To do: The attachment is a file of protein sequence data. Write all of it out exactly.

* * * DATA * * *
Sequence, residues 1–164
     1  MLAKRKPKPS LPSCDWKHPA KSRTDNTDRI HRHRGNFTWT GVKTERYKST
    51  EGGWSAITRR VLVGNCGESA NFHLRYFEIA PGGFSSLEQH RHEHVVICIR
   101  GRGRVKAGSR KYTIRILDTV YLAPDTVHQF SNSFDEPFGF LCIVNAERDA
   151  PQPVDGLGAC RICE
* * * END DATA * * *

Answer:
Sequence, residues 1–164
     1  MLAKRKPKPS LPSCDWKHPA KSRTDNTDRI HRHRGNFTWT GVKTERYKST
    51  EGGWSAITRR VLVGNCGESA NFHLRYFEIA PGGFSSLEQH RHEHVVICIR
   101  GRGRVKAGSR KYTIRILDTV YLAPDTVHQF SNSFDEPFGF LCIVNAERDA
   151  PQPVDGLGAC RICE